Dir. Joe Lynch (2017)
When a virus that lowers all inhibitions spreads throughout a corporate headquarters, allowing the workers to display their basest instincts.
CAUTION: MAY CONTAIN SPOILERS
A corporate law firm hired to defend a murderer who was afflicted by the rage virus known as ID-7 becomes victim to the same virus, causing all hell to break loose. It’s a great treatise on corporate greed and the things that lurk inside our head, and it’s the perfect way to kick off a Labor Day weekend. When Derek (Stephen Yeun), a relatively nice guy (or at least one who hasn’t lost all sense of morality) becomes the victim of dirty corporate tactics, he gets fired. This is fortuitously timed with the release of the virus inside the building, and because he is locked inside with all of his newfound enemies, this gives him the opportunity to show them all what he really thinks of them. Unfortunately, all of the dickbags he works with are also exposed to the virus, allowing people who are already terrible human beings to indulge their every horrible impulse. Trapped inside the building with him is Melanie (an always-excellent Samara Weaving), a homeowner who is about to be kicked out of her house by Derek’s corporation, who owns the loan on her property. While it is Derek who holds the meeting informing Melanie that she’s going to be homeless soon, it is something that he clearly feels bad about and something he encourages her to rectify once all hell breaks loose. He decides to help her along the way, telling her that if she helps him get to the penthouse to face off against the people who fired him, she will have free reign against the executive who is repossessing her house. The audience, who I’m sure damn near all have been wronged by some corporate entity at some point in their life, are happy to come along for the ride. As the action in Mayhem ratchets up to 11, we’re treated to an array of ultra-violence of which Alex from A Clockwork Orange would be proud.
I will 100% watch any movie where Samara Weaving handles a nail gun.
The dialogue is a tad dry and a bit too smarmy for its own good, but it manages to get the necessary points across and allow for the star power of Weaving and Yeun to shine appropriately. Most people who have worked in a corporate structure, or frankly had any important business dealings with one, have experienced what Derek and Melanie are going through. Corporations are evil and it’s always fun to see them get their comeuppance. As the building comes under quarantine, we get to live our darkest workplace fantasies vicariously through our two main characters as they rampage through the corporate jungle. After the first thirty minutes of the movie, the audience is treated to a non-stop cartoonish waterfall of bloodshed, with characters using every lethal weapon that one can find laying around the office. It's difficult to imagine that, if all constraints were removed, people would actually do the things that they do in this film. The mayhem (see what I did there?) truly does elevate to unbelievable levels, to the point that it’s almost laughable. Director Joe Lynch, however, is not known for his restraint, and the film is all the better for it. The violent may be too extreme for some, but they wouldn’t be tuning into this film anyway, so fuck em. While the film definitely has shortcomings, the aforementioned dialogue deficits are by far the largest, and even that does not take you out of the plot or make the movie any less enjoyable. Lynch’s cameo as the firm’s IT guy is enjoyable, and the film is paced at breakneck speed so that even an ADD-riddled fool like myself is never bored. By the time Derek makes his way to the penthouse, we’re pretty sure what’s coming up next and we’re more than happy to see what he’s got in store for his bosses.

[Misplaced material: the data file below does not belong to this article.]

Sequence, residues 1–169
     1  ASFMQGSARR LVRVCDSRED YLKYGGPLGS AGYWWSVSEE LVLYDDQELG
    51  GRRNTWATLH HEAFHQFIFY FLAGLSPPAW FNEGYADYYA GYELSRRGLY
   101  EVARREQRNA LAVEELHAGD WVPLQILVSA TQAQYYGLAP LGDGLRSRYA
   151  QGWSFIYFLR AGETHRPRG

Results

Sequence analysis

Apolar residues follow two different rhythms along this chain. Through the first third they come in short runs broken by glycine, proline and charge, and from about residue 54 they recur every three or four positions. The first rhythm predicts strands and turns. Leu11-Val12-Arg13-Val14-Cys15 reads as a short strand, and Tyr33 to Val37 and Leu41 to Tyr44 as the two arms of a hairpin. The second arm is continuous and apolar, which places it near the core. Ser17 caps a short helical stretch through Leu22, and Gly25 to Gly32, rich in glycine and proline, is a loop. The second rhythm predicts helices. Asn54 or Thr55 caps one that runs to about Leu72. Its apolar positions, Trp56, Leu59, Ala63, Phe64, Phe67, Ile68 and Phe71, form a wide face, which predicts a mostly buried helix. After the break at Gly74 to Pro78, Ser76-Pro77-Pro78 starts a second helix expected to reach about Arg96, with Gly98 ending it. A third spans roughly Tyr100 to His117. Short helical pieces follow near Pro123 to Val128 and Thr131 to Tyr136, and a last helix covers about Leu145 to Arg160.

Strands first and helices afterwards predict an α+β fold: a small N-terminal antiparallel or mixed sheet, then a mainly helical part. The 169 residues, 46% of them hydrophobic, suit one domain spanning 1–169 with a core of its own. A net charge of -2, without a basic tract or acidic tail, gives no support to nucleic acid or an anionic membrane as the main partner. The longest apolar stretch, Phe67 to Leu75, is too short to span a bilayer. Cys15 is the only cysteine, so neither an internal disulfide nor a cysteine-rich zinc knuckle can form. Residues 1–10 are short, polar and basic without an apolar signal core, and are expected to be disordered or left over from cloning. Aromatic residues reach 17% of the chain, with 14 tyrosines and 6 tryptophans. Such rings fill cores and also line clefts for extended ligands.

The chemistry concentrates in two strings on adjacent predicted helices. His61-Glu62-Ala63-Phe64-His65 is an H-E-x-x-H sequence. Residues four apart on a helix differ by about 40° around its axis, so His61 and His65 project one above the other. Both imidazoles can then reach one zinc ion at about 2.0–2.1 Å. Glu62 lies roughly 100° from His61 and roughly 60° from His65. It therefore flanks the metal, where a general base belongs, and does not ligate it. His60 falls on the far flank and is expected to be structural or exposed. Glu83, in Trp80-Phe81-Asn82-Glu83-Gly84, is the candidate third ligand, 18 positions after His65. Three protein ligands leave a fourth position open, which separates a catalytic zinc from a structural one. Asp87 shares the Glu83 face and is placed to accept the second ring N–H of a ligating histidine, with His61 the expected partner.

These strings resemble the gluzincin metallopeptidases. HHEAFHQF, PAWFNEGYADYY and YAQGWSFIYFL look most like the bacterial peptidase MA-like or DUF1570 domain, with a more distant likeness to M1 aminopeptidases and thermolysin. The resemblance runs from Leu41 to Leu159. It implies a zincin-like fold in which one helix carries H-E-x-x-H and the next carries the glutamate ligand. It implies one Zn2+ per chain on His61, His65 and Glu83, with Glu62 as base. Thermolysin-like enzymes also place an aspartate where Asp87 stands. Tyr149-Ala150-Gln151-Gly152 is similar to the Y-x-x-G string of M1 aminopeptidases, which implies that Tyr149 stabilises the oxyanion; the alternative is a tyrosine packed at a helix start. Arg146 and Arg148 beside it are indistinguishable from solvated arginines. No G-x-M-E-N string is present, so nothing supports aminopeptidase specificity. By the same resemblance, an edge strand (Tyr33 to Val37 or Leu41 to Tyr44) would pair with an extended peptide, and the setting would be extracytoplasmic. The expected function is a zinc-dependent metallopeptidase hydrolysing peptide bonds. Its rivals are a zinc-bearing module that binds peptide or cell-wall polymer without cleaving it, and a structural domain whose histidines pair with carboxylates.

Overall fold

The corporate ladder is really more of an elevator.
Who this movie is for: People who like their horror with an action/comedy bent, Fans of fast-moving horror, Dave Matthews Band apologists Bottom line: While not really a horror movie, Joe Lynch makes an intensely enjoyable film with a dark, comedic style. It’s super fun, and an excellent film for anyone who enjoys the brand of horror that Samara Weaving is making her name on. Stephen Yeun is excellent as well, and the film is generally well acted by all involved. The writing is not perfect (though the dialogue with Yeun and Weaving is always entertaining), but you’re not here for the writing anyway. Check out the film on Shudder if you haven’t seen it, it’s well worth your time and will have you wanting to check out more of Lynch’s work. A fun film for anyone who likes a bit of ultra-violence.